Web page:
Undaunted Bulls Keep Shoveling Money Into Stocks
(Bloomberg) -- Whether it’s heroic resolve or epic naiveté, stock investors are giving no indication that they are troubled by the worst volatility to land on the bond market in a year.
In a week when a spike in Treasury yields pressured prices across the equity spectrum, U.S. exchange-traded funds consistently saw inflows -- including $2.7 billion at the height of the carnage on Thursday. All told in February, ETFs sucked in a cool $80 billion, four times the 12-month average, data compiled by Bloomberg show.
It’s the same optimism that has underpinned the 70% rally in the S&P 500 over 11 months, the best start for a bull market in nine decades. While the sudden jump in yields erodes one pillar support for stock valuations, bulls are choosing to view it as a sign of economic strength that will boost corporate earnings.
“Investors are looking at the market today and saying, ‘Wow, this is going to come back faster than I thought. I need to position myself accordingly,’” said Wayne Wicker, chief investment officer at Vantagepoint Investment Advisers. “There’s a fear of missing out, of being under-invested.”
The bullish view has recently been tested, including in the last five days, when $1 trillion in value was erased from share prices. As 10-year Treasury yields surged to a 12-month high, favored shares sporting high valuations took another hard hit. The Nasdaq 100 dropped the most since October, while Tesla Inc. and star manager Cathy Wood’s ARK Innovation ETF both suffered their worst week since the bear market last March.
People nevertheless bought the dip, with the S&P 500 reversing a decline of almost 2% on Tuesday. Even during Thursday’s rout, signs of panic were few. Volume in the session was largely in line with the year’s average. The Cboe Volatility Index’s spot price stayed below that of its two-month futures, failing to form an inverted curve that usually signals heightened investor fears.
“We’ve seen for many reasons that people have been trained to buy the dips,” Kim Forrest, chief investment officer of Bokeh Capital Partners, said by phone. “Just about every economist out there thinks the U.S. GDP is going to be 6% or above and that says growth. And yes, there’s some specter of inflation that may bubble up,” but, she said, “people are not afraid of inflation because we haven’t had that horrible really life-changing inflation.”
Despite inflation scares emanating from fixed income, energy and financial shares -- companies that are seen among those benefiting the most from an economic rebound -- advanced for a fourth week in the latest sign of a deepening reflation trade.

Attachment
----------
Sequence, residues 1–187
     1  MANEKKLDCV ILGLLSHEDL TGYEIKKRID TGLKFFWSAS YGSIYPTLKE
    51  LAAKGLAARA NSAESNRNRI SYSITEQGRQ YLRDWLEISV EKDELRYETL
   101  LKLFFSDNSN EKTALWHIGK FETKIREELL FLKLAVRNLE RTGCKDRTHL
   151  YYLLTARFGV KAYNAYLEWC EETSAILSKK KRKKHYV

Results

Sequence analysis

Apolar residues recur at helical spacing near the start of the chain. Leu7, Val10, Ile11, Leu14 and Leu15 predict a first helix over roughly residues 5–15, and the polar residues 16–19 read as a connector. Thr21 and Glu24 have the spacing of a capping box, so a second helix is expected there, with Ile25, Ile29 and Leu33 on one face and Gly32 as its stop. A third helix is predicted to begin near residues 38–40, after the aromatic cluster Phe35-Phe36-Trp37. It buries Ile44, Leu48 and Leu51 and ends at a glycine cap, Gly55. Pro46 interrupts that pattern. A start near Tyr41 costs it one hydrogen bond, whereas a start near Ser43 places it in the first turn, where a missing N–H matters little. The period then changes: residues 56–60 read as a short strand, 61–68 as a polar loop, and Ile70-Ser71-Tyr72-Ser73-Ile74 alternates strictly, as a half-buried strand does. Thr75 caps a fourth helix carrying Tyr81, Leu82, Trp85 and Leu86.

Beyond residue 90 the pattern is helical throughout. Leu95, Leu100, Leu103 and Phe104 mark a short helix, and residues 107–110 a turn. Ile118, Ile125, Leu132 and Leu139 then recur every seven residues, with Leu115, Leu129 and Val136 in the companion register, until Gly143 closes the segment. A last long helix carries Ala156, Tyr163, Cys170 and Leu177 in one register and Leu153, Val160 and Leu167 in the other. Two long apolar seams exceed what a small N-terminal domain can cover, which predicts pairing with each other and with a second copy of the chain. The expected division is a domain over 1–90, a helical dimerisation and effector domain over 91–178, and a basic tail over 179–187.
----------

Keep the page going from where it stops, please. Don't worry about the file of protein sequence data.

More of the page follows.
The army of day traders, whose buying force had just started to subside before this week, according to JPMorgan Chase & Co., revived their interest in some of the Reddit-driven meme stocks. GameStop Corp., a poster child of the 2021 retail frenzy, gained 151% this week.
“We would admit to still seeing some pockets of speculative excess out there,” said Leo Grohowski, chief investment officer at BNY Mellon Wealth Management. “When we reach levels of maximum bullishness, that is usually a better time to pare back,” he added. “Market pullbacks like we’ve had this week serve as wake-up calls for investors that buy first and ask questions later.”
Rising yields are threatening one big bull case for equities. A valuation methodology, sometimes called the Fed model that compares corporate profits to bond rates, shows stocks are losing their edge fast. The S&P 500’s earnings yield -- how much profits you get relative to share prices -- recently sat about 1.7 percentage points above the yield on 10-year Treasuries, the smallest advantage in three years.
But from a fund flow perspective, higher yields driven by economic growth tend to be a good thing for stocks, according to Emily Roland, the co-chief investment strategist for John Hancock Investment Management.
Past episodes of rising rates have foreshadowed strong equity inflows, according to a study by Deutsche Bank AG strategists including Parag Thatte and Binky Chadha. Since 2008, rate upcycles have coincided with positive fund flows in five of the six instances, with inflows averaging $14 billion a month, the firm’s data shows. That compared with outflows of $8 billion in periods when rates were flat or falling.
“We’ve seen a backup in yields, but the return potential in fixed income is going to be very low after two pretty great years for bonds,” said Roland. “Equities we expect to likely do the heavy lifting in a portfolio this year, and investors may be waking up to that.”
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